• Photo by Alexandra Cannon, Groesbeck Journal
    When tomatoes reach the desired ripeness, crates are filled to be sold later.
  • Photo by Alexandra Cannon, Groesbeck Journal
    A view of RainWater Farms from the outside.
  • Photo by Alexandra Cannon, Groesbeck Journal
    Kenda Eckols points out the slope of the grey tubes used to distribute rain water to the tomato plants.
  • Photo by Alexandra Cannon, Groesbeck Journal
    A hive of bumblebees is positioned in the center of the greenhouse, allowing easy access to plants for pollination.
  • Photo by Alexandra Cannon, Groesbeck Journal
    The plants tend to lean and sag under the weight of the tomatoes, so cables are used to keep the plants upright.

Tomato, Tomato: Kosse Family Farms Hydroponic Tomatoes

By Alexandra Cannon, Staff Writer

Kenda Eckols and her family built a greenhouse in Kosse in January with one goal in mind - growing tomatoes that taste great naturally and are grown hydroponically.

“Personally, I never liked tomatoes or cucumbers, because I had never tasted a real one, I’d always had the ones that had no taste, and I never really liked em,” Eckols admitted. “But we started doing this and I thought oh my gosh, people don’t know if they’ve never tasted a real one.”

Rainwater Farms is on a mission to produce healthy tomatoes with taste. While many commercial growers pump produce full of ethylene, a natural gas that ripens the outside but does nothing for the flavor, Eckols and her team opt for a more organic method.

“We use all natural, no herbicides or pesticides. Calcium, potassium, magnesium, all the natural vitamins you would take in a vitamin pill drip through feeder tubes to our tomatoes,” Eckols said. “We use rainwater to kind of run through and that keeps our PH at a good level, and I think that's why a lot of people say our tomatoes taste better than your normal greenhouse tomatoes that are in soil, because of the rainwater and how we do it.”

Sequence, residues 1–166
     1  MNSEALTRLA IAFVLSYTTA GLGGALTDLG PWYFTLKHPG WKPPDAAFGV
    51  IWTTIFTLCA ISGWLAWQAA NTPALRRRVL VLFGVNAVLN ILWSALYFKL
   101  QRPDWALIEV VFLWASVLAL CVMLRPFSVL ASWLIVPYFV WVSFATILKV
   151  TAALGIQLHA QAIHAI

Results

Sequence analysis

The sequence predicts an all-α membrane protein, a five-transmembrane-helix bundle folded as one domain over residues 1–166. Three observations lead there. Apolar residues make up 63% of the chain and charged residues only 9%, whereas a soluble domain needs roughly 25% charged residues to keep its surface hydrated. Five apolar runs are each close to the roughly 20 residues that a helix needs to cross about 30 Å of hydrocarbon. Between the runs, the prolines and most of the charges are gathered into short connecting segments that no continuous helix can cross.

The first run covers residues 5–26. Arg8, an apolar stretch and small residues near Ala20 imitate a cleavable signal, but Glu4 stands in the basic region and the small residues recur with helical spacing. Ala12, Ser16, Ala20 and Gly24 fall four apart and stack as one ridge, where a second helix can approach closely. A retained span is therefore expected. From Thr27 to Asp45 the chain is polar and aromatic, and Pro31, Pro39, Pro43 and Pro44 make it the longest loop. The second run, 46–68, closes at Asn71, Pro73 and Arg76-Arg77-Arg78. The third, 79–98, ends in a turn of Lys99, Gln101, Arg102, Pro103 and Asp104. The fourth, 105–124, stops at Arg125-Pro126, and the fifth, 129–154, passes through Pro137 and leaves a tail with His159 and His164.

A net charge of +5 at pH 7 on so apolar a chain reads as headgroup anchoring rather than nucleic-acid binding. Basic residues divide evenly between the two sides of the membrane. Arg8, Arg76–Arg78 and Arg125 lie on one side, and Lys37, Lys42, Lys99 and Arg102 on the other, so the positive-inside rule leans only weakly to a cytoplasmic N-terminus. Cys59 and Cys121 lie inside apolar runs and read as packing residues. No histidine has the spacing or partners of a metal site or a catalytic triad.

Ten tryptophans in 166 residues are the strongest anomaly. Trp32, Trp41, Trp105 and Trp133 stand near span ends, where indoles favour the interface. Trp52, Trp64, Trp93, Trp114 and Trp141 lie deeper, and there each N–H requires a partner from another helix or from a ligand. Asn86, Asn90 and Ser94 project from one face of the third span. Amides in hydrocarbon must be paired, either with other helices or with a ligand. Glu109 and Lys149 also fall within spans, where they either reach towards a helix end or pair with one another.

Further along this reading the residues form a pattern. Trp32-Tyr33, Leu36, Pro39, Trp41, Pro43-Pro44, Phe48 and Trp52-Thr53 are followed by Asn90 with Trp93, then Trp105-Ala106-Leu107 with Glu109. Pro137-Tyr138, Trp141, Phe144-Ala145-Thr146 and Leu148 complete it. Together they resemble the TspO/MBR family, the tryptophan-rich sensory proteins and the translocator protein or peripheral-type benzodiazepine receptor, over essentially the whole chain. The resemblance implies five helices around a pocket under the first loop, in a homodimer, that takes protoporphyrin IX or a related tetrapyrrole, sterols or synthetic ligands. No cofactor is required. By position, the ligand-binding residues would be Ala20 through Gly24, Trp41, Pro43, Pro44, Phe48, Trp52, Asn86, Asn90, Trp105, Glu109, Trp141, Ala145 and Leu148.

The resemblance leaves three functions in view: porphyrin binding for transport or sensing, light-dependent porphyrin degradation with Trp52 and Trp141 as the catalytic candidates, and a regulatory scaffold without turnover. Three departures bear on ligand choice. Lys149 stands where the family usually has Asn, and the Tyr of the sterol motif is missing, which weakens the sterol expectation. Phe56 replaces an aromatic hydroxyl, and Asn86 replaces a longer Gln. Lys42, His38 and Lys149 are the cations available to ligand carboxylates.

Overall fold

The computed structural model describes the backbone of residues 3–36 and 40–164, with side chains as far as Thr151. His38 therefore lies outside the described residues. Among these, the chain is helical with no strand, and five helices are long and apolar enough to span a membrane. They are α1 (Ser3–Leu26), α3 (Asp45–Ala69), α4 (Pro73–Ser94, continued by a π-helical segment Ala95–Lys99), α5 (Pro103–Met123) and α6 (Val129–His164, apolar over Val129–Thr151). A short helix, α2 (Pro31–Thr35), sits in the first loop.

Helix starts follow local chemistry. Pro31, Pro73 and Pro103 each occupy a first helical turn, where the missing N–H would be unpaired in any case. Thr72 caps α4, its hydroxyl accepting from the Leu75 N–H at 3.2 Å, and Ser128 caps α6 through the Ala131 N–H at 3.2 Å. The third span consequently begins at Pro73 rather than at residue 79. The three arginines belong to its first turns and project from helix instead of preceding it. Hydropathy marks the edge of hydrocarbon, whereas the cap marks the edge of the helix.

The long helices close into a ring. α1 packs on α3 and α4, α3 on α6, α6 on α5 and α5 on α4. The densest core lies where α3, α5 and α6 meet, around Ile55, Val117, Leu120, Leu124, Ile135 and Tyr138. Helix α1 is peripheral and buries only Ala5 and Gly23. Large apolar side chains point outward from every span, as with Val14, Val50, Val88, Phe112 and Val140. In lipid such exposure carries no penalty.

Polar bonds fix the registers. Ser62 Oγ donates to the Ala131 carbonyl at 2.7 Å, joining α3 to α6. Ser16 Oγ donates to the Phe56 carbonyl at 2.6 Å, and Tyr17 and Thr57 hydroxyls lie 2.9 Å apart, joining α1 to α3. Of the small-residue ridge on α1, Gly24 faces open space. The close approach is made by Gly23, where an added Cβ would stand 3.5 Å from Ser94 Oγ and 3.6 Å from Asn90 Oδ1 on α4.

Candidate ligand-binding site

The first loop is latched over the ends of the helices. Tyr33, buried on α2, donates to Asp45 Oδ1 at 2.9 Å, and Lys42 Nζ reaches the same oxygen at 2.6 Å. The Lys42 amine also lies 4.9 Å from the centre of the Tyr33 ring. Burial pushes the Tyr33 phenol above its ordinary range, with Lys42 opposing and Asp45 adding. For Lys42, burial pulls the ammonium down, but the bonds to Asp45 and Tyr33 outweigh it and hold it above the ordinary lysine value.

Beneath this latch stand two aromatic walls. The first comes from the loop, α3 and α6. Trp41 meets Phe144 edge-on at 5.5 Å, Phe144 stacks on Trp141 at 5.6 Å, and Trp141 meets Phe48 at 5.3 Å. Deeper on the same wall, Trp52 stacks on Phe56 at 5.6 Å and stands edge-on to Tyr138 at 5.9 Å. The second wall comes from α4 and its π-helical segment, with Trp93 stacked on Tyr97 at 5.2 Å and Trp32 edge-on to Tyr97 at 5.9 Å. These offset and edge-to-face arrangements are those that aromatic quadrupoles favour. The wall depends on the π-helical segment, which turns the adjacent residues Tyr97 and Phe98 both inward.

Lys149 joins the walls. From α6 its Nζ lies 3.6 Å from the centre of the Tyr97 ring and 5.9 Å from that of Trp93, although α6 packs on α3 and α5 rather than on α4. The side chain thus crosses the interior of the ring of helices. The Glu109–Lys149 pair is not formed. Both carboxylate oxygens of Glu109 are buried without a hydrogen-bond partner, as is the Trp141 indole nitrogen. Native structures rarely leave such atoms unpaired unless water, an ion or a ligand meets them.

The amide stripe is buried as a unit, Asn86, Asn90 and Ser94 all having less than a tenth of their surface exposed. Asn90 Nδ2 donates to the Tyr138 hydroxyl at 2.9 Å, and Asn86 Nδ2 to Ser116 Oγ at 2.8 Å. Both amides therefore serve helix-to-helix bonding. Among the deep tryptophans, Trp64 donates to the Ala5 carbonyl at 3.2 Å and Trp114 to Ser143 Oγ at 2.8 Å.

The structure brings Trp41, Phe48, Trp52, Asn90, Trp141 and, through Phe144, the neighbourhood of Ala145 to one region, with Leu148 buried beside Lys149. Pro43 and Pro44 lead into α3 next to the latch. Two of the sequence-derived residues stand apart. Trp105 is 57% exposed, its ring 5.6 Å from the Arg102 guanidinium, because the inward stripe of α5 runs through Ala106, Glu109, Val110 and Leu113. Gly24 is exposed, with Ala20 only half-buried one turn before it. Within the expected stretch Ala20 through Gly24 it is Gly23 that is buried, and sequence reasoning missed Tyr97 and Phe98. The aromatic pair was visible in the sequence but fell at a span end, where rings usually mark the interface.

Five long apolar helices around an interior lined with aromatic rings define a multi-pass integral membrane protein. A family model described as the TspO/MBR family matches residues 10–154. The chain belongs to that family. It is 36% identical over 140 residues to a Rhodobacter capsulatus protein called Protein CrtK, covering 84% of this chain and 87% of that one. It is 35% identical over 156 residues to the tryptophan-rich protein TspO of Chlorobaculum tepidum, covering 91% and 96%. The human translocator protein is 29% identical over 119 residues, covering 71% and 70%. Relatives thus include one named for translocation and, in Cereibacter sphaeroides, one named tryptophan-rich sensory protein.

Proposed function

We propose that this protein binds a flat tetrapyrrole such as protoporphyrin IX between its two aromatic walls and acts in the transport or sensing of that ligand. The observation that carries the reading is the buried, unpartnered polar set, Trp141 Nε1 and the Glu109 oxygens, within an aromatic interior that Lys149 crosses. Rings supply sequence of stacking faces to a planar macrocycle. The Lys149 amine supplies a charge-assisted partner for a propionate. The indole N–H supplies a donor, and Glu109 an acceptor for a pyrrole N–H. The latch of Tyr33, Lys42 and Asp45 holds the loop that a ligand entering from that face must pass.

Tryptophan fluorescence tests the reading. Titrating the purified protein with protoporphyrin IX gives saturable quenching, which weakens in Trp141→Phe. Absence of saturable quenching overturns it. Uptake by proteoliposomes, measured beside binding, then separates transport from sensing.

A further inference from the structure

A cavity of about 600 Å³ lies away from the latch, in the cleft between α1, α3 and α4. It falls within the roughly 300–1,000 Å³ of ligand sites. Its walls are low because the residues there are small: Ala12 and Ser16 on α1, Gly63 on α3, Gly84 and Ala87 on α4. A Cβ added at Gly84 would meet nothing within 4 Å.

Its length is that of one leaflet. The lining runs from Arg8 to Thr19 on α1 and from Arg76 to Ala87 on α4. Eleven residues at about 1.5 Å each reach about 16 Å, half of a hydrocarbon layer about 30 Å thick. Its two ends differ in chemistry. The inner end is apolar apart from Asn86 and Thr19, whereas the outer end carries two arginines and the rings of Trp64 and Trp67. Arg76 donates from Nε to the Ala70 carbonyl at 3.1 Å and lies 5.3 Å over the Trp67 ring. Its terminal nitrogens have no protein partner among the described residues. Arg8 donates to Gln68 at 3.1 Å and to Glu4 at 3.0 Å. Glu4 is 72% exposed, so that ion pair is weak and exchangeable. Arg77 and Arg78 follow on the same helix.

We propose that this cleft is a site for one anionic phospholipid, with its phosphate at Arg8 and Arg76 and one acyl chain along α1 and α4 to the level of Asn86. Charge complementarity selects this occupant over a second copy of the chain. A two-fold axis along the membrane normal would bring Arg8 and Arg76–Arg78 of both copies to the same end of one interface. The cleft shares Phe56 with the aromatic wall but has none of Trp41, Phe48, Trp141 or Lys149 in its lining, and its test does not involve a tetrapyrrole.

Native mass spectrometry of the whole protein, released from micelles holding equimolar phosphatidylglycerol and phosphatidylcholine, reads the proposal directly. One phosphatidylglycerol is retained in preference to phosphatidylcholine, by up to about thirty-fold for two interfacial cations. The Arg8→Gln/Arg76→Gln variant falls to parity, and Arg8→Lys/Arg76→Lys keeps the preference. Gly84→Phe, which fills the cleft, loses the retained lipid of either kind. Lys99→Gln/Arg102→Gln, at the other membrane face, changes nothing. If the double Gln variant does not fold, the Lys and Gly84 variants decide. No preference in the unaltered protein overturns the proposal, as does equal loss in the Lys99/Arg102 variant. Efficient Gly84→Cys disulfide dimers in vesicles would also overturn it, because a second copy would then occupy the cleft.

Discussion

All of the produce that comes out of RainWater Farms is grown hydroponically, which means plants aren’t rooted in soil, but instead are planted in perlite, an amorphous volcanic glass with high water content. This is no small undertaking, and the whole operation is run by four people- Kenda Eckols, her husband, Mitch, her son, Janzen, and her daughter in law, Kiera. With nearly 3,000 tomato plants, the Eckols stay busy, putting in long hours to maintain the plants, with help from some of nature’s finest.

“We have bees stationed in the middle that pollinate, even though tomato plants are self-pollinating plants, we use the bumble bees to help with it,” Eckols said. “I just delivered a whole thing of ladybugs in here the other day because they help eat the bad bugs. We had a little bit of an army worm problem, and within two days it was cured because of the lady bugs, they eat the nymphs.”

The Eckols continue learning tricks of the trade as they spend more and more time in the greenhouse.

“We’ve had a real problem with humidity this year, because we’ve never had this much rain. You know, humidity affects our tomatoes in the greenhouse. My husband is in charge of all the mechanical parts, plus his own house, but if he sees the weather the humidity is going to be high with rain, he’ll cut out a feeding program to cut down on the water we give ‘em, so they don’t get over watered in high humidity because then they can’t soak up their calcium the best way. When they can’t do it a good way with the calcium, then they start getting that bottom end too ripe.”

The learning process really began three years ago, when Kenda Eckols quit her job and built a small greenhouse behind her home to see how it would work and if there was a market for it. The tomatoes did well at farmer’s markets in Waco, and Eckols felt confident about stepping up production. As it turns out, the dream of owning and operating a large-scale greenhouse has been long in the making for the Eckols.

“We’ve actually been thinking about it for 20 years. We lived in Houston for a long time and our first greenhouse was my husband set up one in our backyard in a subdivision,” Eckols remembers. “It was a real small one, and we had people from our subdivision coming to buy our tomatoes. We thought well one day, we will do this. And that one day never came. We both had jobs, they were good jobs, we were raising our kids, you know, you don’t really want to take a leap of faith or chance when you’re raising babies. So finally we got to the point where I had quit my job and our kids are adults now, taking care of themselves, so we decided, you know, we either need to do it big or not do it at all. We were going to do it or forget about it. So we decided, we prayed about it, and God just opened doors and we took a leap of faith.”

To read more of this story, pick up a copy of Thursday's edition of The Groesbeck Journal! You can also subscribe online or call 254-729-5103.

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